Moneyball – Review

by on 09/23/11 at 7:09 am

Moneyball is about the 2002 Oakland Athletics and the attempt by General Manager Billy Beane’s (Brad Pitt) attempt to rebuild the team after their three largest stars left the team due to free agency.  At the end of the 2001 season the A’s lost Jason Giambi, Johnny Damon, and Jason Isringhausen leaving big gaps in the lineup.  Beane needs to fill the empty spots, but the A’s ownership is not willing to spend any more money.

During a trip to to Cleveland for trade talks he meets Peter Brand (Jonah Hill).  The Indians GM would only answer trade request after Brand weighed in.  After the meeting Beane wanted to find out who Brand was and what made him so special.  In a parking garage conversation Beane realizes that Brand bases all his roster changes on statistics and a theory by Bill James.  Beane hires Brand and the two start making roster changes based on statistics rather than scouting reports, raising the ire of people around baseball.

The most questionable move that Beane makes is when he signs a catcher, Scott Hatteberg (Chris Pratt), with a blown arm as a first basemen.  Hatteberg has never played first base, and this gets the attention of the entire league.  One of the biggest detractors is the Oakland A’s head coach Art Howe (Philip Seymour Hoffman).  Howe does not like what Beane has done to the roster and refuses to play the players in the order and positions that they were acquired to play.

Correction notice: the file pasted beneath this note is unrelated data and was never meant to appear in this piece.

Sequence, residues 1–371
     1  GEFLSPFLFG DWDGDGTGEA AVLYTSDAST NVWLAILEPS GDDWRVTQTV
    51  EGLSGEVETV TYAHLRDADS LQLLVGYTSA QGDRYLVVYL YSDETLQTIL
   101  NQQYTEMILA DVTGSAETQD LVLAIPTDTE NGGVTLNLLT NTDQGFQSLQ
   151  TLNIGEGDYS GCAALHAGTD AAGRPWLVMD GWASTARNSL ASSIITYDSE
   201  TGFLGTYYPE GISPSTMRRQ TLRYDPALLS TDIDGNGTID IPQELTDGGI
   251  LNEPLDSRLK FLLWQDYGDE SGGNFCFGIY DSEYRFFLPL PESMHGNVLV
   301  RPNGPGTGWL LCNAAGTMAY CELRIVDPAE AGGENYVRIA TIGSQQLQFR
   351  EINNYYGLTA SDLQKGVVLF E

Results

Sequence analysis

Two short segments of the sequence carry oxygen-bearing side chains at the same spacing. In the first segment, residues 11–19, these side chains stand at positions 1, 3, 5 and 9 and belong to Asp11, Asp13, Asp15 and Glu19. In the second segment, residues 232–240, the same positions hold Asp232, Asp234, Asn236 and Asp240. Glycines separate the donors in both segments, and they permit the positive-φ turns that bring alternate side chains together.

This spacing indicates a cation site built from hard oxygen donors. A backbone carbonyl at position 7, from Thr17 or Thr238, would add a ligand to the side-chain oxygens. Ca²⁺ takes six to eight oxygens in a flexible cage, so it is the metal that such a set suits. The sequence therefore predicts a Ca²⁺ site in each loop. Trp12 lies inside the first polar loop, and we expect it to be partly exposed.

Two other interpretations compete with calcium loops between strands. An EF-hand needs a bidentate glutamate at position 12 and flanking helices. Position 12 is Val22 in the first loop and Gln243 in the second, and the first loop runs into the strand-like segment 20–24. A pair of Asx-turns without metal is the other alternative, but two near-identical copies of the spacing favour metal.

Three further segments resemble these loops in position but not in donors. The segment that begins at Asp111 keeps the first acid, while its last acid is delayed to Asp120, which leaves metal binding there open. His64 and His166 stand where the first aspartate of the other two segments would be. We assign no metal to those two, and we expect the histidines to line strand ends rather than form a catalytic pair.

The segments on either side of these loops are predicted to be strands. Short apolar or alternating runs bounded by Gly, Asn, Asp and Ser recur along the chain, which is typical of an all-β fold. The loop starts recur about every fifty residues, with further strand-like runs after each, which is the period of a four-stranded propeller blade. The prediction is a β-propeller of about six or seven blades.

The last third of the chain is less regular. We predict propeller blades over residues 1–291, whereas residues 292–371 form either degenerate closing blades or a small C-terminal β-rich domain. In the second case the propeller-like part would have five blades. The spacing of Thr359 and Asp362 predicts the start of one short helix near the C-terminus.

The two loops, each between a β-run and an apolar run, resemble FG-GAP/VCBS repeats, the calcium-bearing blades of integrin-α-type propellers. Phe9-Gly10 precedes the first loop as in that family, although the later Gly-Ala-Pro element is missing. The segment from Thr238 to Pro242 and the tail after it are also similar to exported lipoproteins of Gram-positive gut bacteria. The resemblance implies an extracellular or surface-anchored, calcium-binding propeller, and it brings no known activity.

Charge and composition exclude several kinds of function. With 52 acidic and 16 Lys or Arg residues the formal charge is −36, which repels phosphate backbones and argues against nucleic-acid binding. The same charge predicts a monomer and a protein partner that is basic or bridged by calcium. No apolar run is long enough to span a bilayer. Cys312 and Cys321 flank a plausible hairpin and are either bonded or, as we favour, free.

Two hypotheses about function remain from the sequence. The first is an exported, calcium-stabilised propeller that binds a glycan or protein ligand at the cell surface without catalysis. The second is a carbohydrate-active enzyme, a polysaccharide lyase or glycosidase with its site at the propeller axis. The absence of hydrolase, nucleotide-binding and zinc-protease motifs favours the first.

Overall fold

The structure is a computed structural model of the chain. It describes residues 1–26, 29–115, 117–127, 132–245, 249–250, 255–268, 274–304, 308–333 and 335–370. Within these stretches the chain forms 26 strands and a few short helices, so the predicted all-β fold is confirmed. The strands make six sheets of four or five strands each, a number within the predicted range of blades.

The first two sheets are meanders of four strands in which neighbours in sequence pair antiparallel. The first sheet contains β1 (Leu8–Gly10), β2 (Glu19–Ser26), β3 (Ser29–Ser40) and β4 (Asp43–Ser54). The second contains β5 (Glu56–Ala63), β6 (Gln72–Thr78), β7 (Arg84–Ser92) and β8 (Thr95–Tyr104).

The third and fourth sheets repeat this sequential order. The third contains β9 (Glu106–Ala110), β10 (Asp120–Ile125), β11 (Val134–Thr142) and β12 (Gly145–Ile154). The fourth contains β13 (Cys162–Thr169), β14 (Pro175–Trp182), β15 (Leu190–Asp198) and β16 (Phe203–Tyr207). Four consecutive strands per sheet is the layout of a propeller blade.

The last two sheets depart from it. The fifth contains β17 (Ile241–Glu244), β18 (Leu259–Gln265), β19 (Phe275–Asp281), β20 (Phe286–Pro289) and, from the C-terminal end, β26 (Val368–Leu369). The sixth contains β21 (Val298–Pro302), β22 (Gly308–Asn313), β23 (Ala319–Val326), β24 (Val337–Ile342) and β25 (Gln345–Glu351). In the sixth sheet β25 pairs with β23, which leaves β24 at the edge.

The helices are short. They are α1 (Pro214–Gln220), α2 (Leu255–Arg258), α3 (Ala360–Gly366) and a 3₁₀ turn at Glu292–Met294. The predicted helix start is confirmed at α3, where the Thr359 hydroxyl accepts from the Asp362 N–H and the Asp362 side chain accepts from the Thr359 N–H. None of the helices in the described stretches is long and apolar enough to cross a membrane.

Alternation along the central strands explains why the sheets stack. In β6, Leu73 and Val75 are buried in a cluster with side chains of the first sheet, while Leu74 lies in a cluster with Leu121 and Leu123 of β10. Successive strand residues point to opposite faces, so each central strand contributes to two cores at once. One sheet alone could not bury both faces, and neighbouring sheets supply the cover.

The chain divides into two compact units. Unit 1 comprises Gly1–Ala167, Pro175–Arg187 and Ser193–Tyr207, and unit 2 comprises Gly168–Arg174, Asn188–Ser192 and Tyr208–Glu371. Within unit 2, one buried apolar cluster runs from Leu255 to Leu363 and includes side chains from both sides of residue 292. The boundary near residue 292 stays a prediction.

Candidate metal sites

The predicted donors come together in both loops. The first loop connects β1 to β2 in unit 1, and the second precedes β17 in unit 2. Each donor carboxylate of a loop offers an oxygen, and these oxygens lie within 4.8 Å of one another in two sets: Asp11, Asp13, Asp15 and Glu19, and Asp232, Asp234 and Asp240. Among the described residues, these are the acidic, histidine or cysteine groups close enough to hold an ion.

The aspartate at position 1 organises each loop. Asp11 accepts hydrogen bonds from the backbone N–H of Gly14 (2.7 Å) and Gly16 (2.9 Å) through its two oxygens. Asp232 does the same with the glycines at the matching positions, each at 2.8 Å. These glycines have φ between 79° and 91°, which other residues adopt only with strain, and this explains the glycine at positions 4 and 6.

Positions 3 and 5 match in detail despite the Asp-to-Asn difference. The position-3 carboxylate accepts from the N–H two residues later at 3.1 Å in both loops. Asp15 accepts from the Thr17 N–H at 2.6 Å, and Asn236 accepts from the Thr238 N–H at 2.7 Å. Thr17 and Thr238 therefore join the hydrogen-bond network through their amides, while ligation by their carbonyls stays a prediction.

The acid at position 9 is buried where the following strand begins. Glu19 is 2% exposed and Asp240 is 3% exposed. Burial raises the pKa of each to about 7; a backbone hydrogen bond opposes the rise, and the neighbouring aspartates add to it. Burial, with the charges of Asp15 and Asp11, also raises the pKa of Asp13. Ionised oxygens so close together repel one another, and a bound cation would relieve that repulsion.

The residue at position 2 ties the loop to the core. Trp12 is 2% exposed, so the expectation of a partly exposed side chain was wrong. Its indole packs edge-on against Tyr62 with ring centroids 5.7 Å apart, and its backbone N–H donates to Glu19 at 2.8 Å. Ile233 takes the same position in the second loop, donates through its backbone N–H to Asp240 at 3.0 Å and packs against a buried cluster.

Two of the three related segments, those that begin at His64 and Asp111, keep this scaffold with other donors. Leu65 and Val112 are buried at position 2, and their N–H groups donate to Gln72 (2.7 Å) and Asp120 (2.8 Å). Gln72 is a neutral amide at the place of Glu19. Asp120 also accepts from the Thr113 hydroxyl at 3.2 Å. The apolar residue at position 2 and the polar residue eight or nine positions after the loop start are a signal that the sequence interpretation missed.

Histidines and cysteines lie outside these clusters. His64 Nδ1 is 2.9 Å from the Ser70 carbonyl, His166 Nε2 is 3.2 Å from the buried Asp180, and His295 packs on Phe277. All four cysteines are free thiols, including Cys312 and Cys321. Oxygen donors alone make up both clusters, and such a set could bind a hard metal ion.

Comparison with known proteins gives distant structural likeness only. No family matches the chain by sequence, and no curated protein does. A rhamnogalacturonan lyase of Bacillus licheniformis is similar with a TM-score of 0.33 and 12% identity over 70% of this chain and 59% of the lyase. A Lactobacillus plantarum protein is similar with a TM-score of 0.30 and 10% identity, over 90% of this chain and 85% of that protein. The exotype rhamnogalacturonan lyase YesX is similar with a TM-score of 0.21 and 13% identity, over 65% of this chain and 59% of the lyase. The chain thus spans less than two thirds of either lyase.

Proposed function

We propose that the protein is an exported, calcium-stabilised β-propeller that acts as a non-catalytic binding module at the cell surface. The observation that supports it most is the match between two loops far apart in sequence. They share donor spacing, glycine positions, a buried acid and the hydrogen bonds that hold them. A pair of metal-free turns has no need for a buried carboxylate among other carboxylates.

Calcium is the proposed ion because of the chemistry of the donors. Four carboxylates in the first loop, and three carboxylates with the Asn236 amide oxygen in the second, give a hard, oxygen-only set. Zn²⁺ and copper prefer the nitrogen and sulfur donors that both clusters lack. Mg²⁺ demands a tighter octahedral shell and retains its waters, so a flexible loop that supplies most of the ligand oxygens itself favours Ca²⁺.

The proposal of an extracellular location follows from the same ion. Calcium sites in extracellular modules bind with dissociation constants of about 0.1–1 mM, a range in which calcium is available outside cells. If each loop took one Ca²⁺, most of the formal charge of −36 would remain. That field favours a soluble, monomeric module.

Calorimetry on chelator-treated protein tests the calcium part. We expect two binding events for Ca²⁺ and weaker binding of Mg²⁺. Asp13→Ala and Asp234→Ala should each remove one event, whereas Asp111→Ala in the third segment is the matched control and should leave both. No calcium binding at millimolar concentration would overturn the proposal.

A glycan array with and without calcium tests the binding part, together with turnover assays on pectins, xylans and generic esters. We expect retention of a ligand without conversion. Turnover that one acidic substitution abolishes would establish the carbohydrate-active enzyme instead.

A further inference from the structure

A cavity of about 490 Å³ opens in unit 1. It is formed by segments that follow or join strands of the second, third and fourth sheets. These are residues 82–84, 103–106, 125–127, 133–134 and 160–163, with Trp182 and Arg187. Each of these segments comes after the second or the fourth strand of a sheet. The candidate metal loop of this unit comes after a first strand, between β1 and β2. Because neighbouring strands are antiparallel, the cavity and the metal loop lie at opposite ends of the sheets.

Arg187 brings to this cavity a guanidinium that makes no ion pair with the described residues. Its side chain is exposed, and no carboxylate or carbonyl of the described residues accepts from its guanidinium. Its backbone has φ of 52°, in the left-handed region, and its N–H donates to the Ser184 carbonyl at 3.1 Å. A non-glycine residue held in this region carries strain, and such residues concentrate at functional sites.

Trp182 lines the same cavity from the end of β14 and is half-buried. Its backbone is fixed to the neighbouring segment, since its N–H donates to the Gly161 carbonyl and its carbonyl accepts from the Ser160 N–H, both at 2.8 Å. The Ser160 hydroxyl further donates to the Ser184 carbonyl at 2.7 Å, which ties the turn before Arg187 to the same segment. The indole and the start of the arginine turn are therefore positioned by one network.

As the season goes on Howe catches on, and starts to follow Beane’s master plan.  It isn’t a secret that the A’s went to the American League Divisional Series and played against the Yankee’s in 2002.  Beane had managed to create a team that, per game, was being paid about $200,000, while the Yankee’s were paying over $1 Million per game for their team.  This gave validity to Beane, Brand, and James’ theory.  After the season Beane is courted by the Boston Red Sox to rebuild their team for the 2003 season.

Overall this was a great movie.  Pitt, Hill, Hoffman and other give GREAT performances in this movie.  The director (Bennett Miller) uses odd camera angles and, at times, complete silence to portray intensity.  There may be a few Oscar Nominations for this movie.  However, there is one glaring issue with the story.  Beane has a daughter and at one point he and his daughter are sitting in a guitar shop looking for a new guitar for his daughter.  She picks up a guitar and Beane asks her to play a song for him.  She starts humming and strumming a song that she says she wrote.  Later in the movie Beane is listening to a cd his daughter made for him, and she is singing the song she wrote.  The song was “The Show” by Lenka.  Here is the issue, this song was written by Lenka, and was not released until 2008, the movie takes place in 2002.

One of the best drama’s of the summer

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